"He opened the second seal...another horse, fiery red, went out... it was granted to the one who sat on it to take peace from the earth, and that people should kill one another...." (Rev. 6:3)
The “next big thing” in the news may well be war with Iran. Few want it, many warn against it and many more will suffer if it comes to pass. How can we forestall it? (NB: see Post #1 and go from there; see bottom of page.)
"War is the unfolding of miscalculations." (Barbara Tuchman)
Thursday, December 22, 2011
Post #128 - Call for Sanity
The following open letter to the President was signed by a distinguished group of fifteen former US officials and experts on regional or security affairs and publicized by the National Iranian American Council. Some of the better-known signers included: Sir Richard Dalton, former UK ambassador to the Islamic Republic of Iran; Lawrence Korb, former Asst. Secy. of Defense; Bruno Pellaud, former Deputy Director of IAEA; Amb. John Limbert, former Dep. Asst. Secy. of State for Iran; Amb. Tim Pickering, former Under Secy. of State for Political Affairs; Gary Sick, academic and former NSC staffer under three presidents; Francois Nicoullaud, former French ambassador to Iran and Daryl G. Kimball, Executive Director, Arms Control Association.
December 15, 2011
President Barack Obama
The White House
1600 Pennsylvania Avenue NW
Washington, D.C. 20500
Dear Mr. President,
We write to convey our strongly held view that it is vitally important for U.S. and international security to reinvigorate direct diplomatic engagement with Iran to seek a resolution to the current standoff.
We applaud your Administration’s success in uniting the international community in its response to Iran’s nuclear and missile programs and its human rights violations, and we welcome recent statements by Secretary of State Hillary Rodham Clinton and National Security Advisor Thomas Donilon that your Administration remains committed to a diplomatic resolution with Iran.
But in order to capitalize on the positive steps your Administration has achieved, we believe that persistence and creativity in pursuing engagement with Iran are essential.
We recognize that achieving an agreement with Iran to fulfill its international obligations and provide full transparency over its nuclear activities is no easy task. The disappointing conclusion to the last P5+1 meeting with Iran in Istanbul showed that Tehran needs to be much more serious about a negotiated solution.
The lack of diplomatic progress with Iran has led to calls from some to take the diplomatic option off the table. We are concerned such a step would limit the U.S. ability to prevent a nuclear-armed Iran, limit the international community’s ability to effectively address Iran’s human rights situation, reduce the international pressure on Iran due to skepticism over U.S. motives, and increase the likelihood of disastrous military confrontation.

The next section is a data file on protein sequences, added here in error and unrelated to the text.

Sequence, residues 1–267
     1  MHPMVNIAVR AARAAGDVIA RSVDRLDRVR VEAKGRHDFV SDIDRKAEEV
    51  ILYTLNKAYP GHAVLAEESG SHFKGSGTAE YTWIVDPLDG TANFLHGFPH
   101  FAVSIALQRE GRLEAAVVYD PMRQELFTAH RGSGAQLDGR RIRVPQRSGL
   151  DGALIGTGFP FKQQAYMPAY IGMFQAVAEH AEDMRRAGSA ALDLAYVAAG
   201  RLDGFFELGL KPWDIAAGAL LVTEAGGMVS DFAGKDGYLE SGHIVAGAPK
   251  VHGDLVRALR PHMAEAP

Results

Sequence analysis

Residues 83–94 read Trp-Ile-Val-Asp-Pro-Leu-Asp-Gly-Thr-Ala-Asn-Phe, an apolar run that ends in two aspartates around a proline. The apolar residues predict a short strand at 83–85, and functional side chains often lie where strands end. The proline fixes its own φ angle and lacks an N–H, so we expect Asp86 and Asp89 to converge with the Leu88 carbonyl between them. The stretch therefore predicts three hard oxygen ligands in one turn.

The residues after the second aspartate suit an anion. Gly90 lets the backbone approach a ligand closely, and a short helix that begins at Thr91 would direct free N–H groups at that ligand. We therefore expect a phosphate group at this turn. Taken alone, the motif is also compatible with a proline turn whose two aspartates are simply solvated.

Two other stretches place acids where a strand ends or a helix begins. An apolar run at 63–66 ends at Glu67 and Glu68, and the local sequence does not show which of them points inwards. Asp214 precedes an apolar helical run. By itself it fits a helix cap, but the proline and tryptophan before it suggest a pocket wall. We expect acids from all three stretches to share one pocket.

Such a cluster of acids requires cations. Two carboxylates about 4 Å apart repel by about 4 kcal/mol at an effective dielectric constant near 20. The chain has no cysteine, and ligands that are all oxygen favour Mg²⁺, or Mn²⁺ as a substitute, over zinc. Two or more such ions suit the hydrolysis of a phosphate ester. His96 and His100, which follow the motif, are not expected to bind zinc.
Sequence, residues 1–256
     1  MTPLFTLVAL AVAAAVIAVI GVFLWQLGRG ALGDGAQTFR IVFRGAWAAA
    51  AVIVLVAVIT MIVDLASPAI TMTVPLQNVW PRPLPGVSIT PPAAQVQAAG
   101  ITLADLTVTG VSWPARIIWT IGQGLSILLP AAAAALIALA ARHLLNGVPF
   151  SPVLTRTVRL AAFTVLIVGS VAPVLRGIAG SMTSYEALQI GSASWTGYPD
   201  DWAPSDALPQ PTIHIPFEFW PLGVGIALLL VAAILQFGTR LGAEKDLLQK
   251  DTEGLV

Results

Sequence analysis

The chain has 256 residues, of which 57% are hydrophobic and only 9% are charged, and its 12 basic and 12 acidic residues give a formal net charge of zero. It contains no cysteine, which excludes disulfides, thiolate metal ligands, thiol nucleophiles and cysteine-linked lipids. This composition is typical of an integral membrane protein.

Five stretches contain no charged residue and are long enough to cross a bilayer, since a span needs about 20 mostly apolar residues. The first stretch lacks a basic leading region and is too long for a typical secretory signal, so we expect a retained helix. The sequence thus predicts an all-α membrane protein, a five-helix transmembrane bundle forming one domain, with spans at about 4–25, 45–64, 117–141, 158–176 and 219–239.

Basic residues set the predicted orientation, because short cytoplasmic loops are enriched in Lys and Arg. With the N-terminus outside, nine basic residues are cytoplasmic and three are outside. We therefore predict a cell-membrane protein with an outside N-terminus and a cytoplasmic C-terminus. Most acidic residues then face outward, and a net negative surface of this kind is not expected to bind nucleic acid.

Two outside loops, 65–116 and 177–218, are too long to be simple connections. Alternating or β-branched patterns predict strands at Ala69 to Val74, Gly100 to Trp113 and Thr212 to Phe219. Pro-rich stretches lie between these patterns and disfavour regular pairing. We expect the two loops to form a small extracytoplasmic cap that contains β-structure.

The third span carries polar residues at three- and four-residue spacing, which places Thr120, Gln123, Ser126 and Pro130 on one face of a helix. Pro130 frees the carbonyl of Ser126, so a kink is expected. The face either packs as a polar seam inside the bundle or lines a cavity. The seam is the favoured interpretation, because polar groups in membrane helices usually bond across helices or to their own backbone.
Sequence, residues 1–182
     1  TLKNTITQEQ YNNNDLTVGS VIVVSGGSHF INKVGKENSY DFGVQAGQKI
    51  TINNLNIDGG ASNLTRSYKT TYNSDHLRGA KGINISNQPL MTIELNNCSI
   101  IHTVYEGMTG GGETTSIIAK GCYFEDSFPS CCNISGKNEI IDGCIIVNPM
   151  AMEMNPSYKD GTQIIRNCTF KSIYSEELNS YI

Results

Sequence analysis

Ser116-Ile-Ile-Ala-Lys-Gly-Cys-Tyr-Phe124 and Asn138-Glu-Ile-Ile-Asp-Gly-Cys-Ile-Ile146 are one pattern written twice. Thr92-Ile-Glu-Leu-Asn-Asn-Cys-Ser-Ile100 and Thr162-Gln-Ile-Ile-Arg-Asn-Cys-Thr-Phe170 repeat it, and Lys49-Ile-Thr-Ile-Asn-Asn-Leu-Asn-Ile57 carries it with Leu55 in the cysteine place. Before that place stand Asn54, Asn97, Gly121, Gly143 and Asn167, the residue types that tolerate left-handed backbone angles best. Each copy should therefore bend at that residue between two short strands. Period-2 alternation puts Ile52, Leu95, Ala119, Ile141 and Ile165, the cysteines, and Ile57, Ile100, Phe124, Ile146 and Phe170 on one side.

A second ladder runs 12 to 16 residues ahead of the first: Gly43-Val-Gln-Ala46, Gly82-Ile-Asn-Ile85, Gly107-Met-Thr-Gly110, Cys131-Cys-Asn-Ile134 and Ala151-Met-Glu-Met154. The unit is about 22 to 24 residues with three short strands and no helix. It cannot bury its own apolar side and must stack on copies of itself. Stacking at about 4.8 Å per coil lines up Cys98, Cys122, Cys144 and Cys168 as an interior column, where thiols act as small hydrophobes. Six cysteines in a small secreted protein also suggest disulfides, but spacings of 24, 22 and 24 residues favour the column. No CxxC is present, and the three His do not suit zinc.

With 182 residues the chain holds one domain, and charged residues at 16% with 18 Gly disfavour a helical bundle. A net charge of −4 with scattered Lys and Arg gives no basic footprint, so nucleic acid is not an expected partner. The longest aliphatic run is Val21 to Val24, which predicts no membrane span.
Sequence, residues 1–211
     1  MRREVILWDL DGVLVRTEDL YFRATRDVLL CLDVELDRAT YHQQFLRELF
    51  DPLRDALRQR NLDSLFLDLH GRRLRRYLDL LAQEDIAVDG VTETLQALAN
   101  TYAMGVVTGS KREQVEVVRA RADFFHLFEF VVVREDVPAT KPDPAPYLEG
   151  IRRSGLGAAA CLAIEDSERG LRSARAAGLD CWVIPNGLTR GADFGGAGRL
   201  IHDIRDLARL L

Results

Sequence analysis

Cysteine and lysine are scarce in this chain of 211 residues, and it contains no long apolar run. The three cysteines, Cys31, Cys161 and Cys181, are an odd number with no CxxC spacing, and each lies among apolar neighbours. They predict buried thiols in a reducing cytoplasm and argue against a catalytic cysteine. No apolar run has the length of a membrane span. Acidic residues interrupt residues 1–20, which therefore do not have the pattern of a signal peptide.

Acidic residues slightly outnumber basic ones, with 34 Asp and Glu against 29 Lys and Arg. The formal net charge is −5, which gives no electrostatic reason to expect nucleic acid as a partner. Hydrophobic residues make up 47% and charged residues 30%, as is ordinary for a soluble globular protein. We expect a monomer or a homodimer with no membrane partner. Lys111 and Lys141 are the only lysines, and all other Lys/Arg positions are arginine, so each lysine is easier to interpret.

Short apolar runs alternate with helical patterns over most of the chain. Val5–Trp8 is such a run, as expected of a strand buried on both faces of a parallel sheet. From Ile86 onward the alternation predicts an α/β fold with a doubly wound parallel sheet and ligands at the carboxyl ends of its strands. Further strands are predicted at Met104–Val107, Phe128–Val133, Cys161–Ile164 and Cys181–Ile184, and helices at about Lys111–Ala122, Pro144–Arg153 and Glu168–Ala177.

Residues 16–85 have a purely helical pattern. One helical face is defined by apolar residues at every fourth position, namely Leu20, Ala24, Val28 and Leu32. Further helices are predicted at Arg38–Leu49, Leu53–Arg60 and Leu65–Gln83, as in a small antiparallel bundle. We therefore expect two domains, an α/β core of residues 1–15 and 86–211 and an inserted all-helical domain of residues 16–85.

We believe the United States and the P5+1 must continue to highlight the framework of step-by-step confidence-building measures required to ease sanctions and end Tehran’s diplomatic isolation. It must also be persuasively conveyed that sanctions are not a permanent reality but instead are dependent on Iranian behavior.
A near-term goal should be to test Iran’s recent publicly stated offer to halt uranium enrichment to 20% levels if it could have access to fuel for its Tehran Research Reactor. A stockpile of 20% would allow Iran to shorten its time frame to produce weapons, if it chose to do so. We should forgo no opportunities to reduce that risk. A verifiable pledge from Iran not to produce enriched uranium above normal fuel grade and an agreement to export the 20%-enriched uranium it has produced would reduce the proliferation risk, while an arrangement to provide fuel for the reactor would be a humanitarian gesture benefitting the Iranian people.
While such an agreement would not resolve the many areas of concern we have with Iran—including not just its nuclear program, but its human rights situation and role in the region—it would be a critical first step towards achieving a resolution to these critical issues.
The targeted sanctions your Administration has obtained are helping to slow Iran's nuclear and missile programs and can help leverage concessions on the Iranian side. But winning those concessions requires the renewal of effective negotiations.
We offer these observations with no illusions that diplomacy with Iran will yield quick fixes. Iran must be willing to respond to reasonable proposals to clarify the IAEA's outstanding questions about its activities and provide confidence that its nuclear program is not being used for weapons purposes. We also recognize that there are elements in Iran who may be seeking to undermine progress toward a resolution of the nuclear issue.
The United States needs to reinvigorate the diplomatic initiative at this critical juncture. International pressure on Iran is now at an all time high. Iran’s nuclear program is struggling to overcome technical problems. The time available must be used to convince Iran’s current and future leaders they stand to gain more from forgoing nuclear weapons than from any decision to build them.
We are eager to assist in any way we can with this matter and look forward to your Administration’s response.
(We shall see what response is forthcoming from the administration...)